9.577 security & long-term preservation

Humanist (mccarty@phoenix.Princeton.EDU)
Sun, 25 Feb 1996 22:49:36 -0500 (EST)

Humanist Discussion Group, Vol. 9, No. 577.
Center for Electronic Texts in the Humanities (Princeton/Rutgers)
Information at http://www.princeton.edu/~mccarty/humanist/

[1] From: "Keith Joseph Clayton, Jr." <KJC@MHC.byu.edu> (44)
Subject: Re: 9.569 security: more on PGP

[2] From: "Peter Graham, RUL" <psgraham@gandalf.rutgers.edu> (43)
Subject: Long-term preservation is non-trivial

Date: Fri, 23 Feb 1996 09:17:22 -0700 (MST)
From: "Keith Joseph Clayton, Jr." <KJC@MHC.byu.edu>
Subject: Re: 9.569 security: more on PGP

Would it be possible for someone who is actively
familiar with and using PGP, such as yourself, could drop
me a line, on or off list, with step-by-step "How-to's" of
obtaining PGP (the program and the keys), running or using
PGP appropriately (including how to "turn it off" for
unsecured data), using keys to "decode" others' messages,
and how to discreetly inform appropriate parties of the
keys which would apply to my correspondence?
Let me simplify this request with the following explanations.
I have been interested in PGP for a long time, ever since I
heard it first discussed in a computer software review
magazine, and in countless online postings since then. I
have heard very few drawbacks to the program (except from
the governmental perspective), although I am uncertain of
the legal ramifications of obtaining PGP off of the net. If it is
possible to get all the necessary files and information to use
PGP off of the net, then why would it be offered for $50-$150
in various forms retail?
Anyway, I used WebCrawler to search the net for PGP-
related documentation. Needless to say, I was inundated
with sites and files willed with either rather complicated
computer-speak (for a neophyte like myself) which I literally
couldn't translate or interpret into English instructions, or
these files were filled with pedantic legalese, endless
caveats, and more than a comfortable share of insinuation,
allusion, disclaimer, etc.
I would like to know how PGP works, in simple, easy-to-
understand language, that I could forward to my friends and
relatives without being relegated by default into the "expert"
category (simply because it was my idea that they install it,
if for no other reason than to have someone who will be able
to decode sensitive messages from my end). As it is, I
couldn't hope to be able to answer anyone else's questions
if I can't answer my own.
I know this is a moderated list, and I hope this is an
appropriate response posting (my first to the Humanities list).
If it is not, would our esteemed moderator, Mr. McCarty,
please forward this message directly to the original
respondant of this post (or any appropriate parties he may
know) instead of to the list? I'd be very grateful! Thank you
very much!

Best Regards,

Keith J. Clayton, Jr.


Date: Sun, 25 Feb 96 12:31:06 EST
From: "Peter Graham, RUL" <psgraham@gandalf.rutgers.edu>
Subject: Long-term preservation is non-trivial

From: Peter Graham, Rutgers University Libraries

I want to respond to Andrew Armour on two different issues that he's written
on, but both on the topic of long-term preservation of information.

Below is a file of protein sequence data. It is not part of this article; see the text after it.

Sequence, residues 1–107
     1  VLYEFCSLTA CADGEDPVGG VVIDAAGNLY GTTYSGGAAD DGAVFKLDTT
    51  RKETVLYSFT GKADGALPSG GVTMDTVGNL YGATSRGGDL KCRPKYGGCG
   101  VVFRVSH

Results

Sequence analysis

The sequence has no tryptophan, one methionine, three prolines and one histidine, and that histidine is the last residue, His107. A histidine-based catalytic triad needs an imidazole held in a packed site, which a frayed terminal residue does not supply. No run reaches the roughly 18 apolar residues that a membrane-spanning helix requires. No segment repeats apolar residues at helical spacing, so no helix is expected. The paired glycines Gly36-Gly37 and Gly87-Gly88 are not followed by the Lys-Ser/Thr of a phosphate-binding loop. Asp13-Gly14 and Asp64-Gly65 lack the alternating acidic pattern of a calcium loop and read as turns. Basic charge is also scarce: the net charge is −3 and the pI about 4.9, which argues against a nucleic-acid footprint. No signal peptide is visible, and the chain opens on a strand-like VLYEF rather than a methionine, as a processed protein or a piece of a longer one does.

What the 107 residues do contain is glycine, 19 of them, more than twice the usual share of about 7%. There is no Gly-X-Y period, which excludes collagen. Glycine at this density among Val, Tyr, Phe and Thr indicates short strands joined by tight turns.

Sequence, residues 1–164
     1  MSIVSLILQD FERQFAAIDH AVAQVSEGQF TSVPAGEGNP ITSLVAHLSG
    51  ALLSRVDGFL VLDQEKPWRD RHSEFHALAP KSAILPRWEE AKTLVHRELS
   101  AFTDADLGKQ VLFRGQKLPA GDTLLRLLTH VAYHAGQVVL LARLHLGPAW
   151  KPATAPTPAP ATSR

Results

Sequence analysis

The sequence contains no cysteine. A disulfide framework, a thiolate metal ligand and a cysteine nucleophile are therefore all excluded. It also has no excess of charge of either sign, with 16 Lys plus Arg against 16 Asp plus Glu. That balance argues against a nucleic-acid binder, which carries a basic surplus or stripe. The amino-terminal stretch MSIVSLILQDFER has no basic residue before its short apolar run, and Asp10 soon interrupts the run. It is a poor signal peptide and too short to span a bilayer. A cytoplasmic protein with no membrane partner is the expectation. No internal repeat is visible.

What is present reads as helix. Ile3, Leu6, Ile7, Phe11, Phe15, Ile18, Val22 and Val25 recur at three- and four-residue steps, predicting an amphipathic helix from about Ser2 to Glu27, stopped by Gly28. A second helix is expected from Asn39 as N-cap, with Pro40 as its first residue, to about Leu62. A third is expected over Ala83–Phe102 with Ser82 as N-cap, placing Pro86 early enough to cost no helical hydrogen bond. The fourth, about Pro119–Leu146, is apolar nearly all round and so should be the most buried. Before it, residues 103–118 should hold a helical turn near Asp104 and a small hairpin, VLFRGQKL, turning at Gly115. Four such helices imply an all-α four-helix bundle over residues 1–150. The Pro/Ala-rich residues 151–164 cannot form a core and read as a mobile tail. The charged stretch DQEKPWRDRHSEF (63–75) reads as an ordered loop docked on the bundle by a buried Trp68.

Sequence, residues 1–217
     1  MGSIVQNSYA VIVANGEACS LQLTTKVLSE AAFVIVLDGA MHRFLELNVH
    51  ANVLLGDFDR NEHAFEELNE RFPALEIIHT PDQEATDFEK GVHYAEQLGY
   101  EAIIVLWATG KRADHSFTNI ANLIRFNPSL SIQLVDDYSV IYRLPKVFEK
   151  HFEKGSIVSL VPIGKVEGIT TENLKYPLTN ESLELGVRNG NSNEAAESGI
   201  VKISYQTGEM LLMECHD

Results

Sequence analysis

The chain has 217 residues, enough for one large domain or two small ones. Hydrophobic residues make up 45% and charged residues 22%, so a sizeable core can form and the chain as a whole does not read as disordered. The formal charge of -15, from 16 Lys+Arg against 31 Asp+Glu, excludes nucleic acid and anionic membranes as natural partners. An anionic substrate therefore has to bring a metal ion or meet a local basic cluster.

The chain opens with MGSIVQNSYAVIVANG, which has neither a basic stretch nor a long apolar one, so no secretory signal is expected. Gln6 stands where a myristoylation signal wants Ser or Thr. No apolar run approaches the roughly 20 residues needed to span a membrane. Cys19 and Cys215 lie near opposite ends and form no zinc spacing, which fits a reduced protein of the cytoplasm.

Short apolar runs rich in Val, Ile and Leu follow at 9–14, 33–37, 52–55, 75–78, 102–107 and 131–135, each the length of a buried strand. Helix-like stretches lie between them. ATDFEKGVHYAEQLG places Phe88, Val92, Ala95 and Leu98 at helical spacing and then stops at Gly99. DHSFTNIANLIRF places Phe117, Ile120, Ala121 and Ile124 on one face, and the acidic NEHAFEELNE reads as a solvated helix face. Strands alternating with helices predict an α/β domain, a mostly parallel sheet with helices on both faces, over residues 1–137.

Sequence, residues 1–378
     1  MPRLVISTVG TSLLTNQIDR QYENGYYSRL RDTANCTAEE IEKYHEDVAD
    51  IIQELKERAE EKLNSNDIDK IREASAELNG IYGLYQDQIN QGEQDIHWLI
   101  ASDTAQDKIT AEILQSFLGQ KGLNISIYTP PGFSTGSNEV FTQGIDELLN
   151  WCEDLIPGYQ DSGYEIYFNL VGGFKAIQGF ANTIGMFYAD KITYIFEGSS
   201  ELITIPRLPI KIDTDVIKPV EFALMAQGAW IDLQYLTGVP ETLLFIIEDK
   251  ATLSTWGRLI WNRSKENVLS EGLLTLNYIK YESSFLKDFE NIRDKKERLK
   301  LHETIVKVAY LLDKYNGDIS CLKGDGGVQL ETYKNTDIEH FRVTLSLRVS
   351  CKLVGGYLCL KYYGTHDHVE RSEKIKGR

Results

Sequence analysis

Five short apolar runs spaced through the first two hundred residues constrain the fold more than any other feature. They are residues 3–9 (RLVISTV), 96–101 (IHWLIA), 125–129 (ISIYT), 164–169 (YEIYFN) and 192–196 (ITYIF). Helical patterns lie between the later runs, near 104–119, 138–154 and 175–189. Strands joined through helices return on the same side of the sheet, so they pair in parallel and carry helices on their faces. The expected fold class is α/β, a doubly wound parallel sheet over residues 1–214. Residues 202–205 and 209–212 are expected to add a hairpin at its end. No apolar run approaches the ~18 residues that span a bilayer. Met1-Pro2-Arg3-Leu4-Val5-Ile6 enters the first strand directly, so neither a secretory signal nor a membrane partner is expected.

1. Technological preservation: AA says, i.a.,
>"...we will always be able to read HTML pages, just as we can still
read WordStar files. Encoding is not really the problem."<

Encoding is a serious problem. Word-processing programs, and therefore
texts, existed since mainframes in the '60s (I used them). One reason we have
few or no such texts from that time is that the technology is gone.
Information created on word-processors using cp/m machines in the '70s is
similarly thin on the ground. There is a kind of hubris involved in assuming
that WordStar or any other contemporary program or coding scheme will always
be around; it needs to be preserved and migrated forward through
technological changes. This is an institutional task and won't just happen;
in those terms, I disagree that this is "not...the problem." It will be a
challenge for us.

Extend the idea, by the way, past simple text. Many humanists, not to
mention people in other fields, are using other programs and coding schemes:
hypertext, drawing programs, CAD/CAM schemes, and the like. The problems in
migrating these forward are even more considerable.

2. Archives, security and PGP: AA is adamant that PGP (the privacy scheme,
involving digital signatures) has "proved itself to be more than adequate".
I'm sure that's true. But it's not the tool for the problem I'm proposing
(it's not the right hammer for this nail). His response in 9.565 notes my
first two problem presentations (change in software and multiple names) but
has no response to them.

I might note that when he says in riposte (to my desire for a solution
that would travel with the document), "Wouldn't this be like signing a
cheque twice and trying to impress the
recipient with the undoubted similarity between the two signatures?", it
seems to me he is describing what we used to call traveller's checks, which
indeed work on precisely that principle, providing all the benefits of
verification and none of the problems of third-party connections. (Clearly
forgery is possible and we've moved on from that level, but my point is that
it is not prima facie an unhelpful solution to the problem.)

To summarize: I have no argument with AA's endorsing PGP as a tool for what
it's good for, but he hasn't demonstrated why it's good for long-term
integrity (not security; two different things). Again, he even seems to
disagree with my pusillanimous conclusion that we need large-scale tests of
various systems (including PGP and time-stamping) on usefulness for integrity
over long times on the human scale; I can't imagine why he does. --pg

Peter Graham psgraham@gandalf.rutgers.edu Rutgers University Libraries
169 College Ave., New Brunswick, NJ 08903 (908)445-5908; fax (908)445-5888